I’ve run a lot of miles in 2014 and moving to Japan hasn’t stopped that. Since I’ve been here I’ve run most days and I’ve joined an international running club – Namban Rengo. Here is an extract from their website:
What does Namban Rengo mean?
Namban-jin was was the word applied to the Portugese sailors who were among the first western people ever to visit Japan. Literally, the term means southern barbarians. Rengo means union, association, etc. It is also used by gangster and biker groups, in which case the meaning is closer to gang. All things considered, a good translation of our club name is The Barbarian Horde.
They have a really good session on a Wednesday night at a track in Yoyogi Park near Shibuya. I’ve been twice now and it’s great for making me run fast.
After there is bathing in the public baths – a very Japanese and relaxing experience followed by drinks and dinner! I’ve met lots of interesting people from Japan and around the world and look forward to many more sessions with them.
Tonight I entered my first Japanese race. It’s a 10k around the Imperial Palace on the 3rd of May. I’m looking forward to seeing how I well I run this distance after a lot of running this year, I’ll keep you all posted!
Pictures taken last Saturday exploring the surrounds of the Imperial Palace in Tokyo.
I ran around the grounds last weekend – a popular Tokyo past time and a rare chance to run for 3 miles without interruption.
It’s only possible to go inside properly 2 days a year – New Year’s Day and the Emperor’s Birthday so exploration is restricted to the rather nice grounds for the majority of the year.
Girl looking good on the street to be seen on in Tokyo.
Ginza has the most upmarket shops in the city and some very glamorous people!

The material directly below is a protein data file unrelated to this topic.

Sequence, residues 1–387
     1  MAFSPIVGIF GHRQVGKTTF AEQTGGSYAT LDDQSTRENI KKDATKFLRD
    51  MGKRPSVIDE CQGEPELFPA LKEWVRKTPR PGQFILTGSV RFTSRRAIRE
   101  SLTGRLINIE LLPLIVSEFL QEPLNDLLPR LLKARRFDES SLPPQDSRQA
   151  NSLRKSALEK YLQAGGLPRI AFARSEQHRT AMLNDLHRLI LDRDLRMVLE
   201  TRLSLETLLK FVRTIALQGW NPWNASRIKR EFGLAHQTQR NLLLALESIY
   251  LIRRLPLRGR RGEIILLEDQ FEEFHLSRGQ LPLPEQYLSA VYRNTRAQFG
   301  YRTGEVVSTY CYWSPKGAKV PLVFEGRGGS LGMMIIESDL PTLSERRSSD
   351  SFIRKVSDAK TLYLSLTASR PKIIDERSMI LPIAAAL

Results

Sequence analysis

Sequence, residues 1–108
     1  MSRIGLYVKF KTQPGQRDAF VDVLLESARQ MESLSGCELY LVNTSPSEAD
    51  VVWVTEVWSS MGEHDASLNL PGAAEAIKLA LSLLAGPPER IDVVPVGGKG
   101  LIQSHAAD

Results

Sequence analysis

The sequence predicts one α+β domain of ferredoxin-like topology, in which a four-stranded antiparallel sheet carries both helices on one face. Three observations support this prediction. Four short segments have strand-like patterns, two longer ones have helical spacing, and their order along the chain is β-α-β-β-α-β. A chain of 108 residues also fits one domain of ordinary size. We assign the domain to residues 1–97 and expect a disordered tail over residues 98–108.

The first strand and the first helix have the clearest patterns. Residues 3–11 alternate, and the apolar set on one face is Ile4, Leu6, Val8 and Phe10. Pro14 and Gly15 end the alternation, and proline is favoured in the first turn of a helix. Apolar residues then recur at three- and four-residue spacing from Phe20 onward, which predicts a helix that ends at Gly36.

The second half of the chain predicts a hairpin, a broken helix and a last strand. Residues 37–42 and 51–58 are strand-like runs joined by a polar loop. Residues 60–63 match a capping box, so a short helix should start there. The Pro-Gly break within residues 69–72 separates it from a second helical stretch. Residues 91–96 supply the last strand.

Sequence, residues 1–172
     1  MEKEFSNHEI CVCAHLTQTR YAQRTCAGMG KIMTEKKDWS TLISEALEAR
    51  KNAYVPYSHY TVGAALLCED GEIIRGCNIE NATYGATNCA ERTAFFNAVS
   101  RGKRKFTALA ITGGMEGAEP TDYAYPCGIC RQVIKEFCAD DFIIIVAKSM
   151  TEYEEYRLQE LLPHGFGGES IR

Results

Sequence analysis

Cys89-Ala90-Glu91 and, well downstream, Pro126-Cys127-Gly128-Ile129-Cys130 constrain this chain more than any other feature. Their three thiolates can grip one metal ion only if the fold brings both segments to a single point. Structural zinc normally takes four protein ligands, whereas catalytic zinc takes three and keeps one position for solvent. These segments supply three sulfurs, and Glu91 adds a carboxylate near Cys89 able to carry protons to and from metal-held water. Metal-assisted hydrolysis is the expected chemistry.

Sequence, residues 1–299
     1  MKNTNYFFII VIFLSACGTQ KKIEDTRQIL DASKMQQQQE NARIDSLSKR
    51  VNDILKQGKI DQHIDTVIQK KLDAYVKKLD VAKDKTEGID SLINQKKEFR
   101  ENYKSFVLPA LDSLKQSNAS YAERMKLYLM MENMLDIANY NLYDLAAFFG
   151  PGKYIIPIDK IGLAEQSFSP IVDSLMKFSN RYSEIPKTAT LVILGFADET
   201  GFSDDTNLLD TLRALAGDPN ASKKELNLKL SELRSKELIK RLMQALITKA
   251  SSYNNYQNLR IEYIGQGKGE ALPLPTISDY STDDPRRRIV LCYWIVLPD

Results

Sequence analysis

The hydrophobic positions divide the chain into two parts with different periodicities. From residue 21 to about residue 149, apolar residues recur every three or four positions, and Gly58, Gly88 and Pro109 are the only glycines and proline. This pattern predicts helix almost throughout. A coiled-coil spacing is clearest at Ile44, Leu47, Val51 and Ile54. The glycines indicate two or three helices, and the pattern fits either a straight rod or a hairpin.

I got my shipment from the UK on Friday afternoon which means that I now have my folding bike to explore with. Today I took it out for it’s first trip. I went over many bridges including the Rainbow Bridge and around Tokyo Bay.
Cycling is not allowed on the Rainbow Bridge so you have to put your rear wheel onto a kind of bogie to push it across! I was adopted by 2 young boys who helped me get to the bridge and sort it all out! Here are some pictures of my trip.
Today I felt my first earthquake!
I work on the 14th floor of a high rise well dampened building so the shake was quite apparent. The most similar feeling that I’ve had previously was being on a ferry with the building shaking in a smooth motion. It was very short and I didn’t feel afraid. If I had been walking in the street I may not have even felt it.
I’ve already been trained on earthquakes at work and have under my desk a helmet and emergency pack in case of issues.
A lot of the Japanese people that I have spoken to are worried about the effect that the earthquake and tsunami of 2011 has had on the appeal of Japan to visitors and tourists. For me this wasn’t part of my decision on whether to come although clearly it is a risk for anyone living here.
I was afraid that I’d missed the famous Japanese blossoms but last Sunday managed to find lots in the very peaceful Shinjuku-gyoen park.
Today I went for my first proper exploration of Tokyo. I started by getting the train to Tokyo station and running around the exterior of the Imperial Palace along with many others. It felt good to be there and doing as some of the running locals do!
After showering I then headed off to Asakusa the old heart of Tokyo:
There were some good views of the Sky Tower from here and near by here too – the replacement for The Tokyo Tower in recent years for communications.
After that I visited Shibuya, site of reputedly the busiest crossing in the world: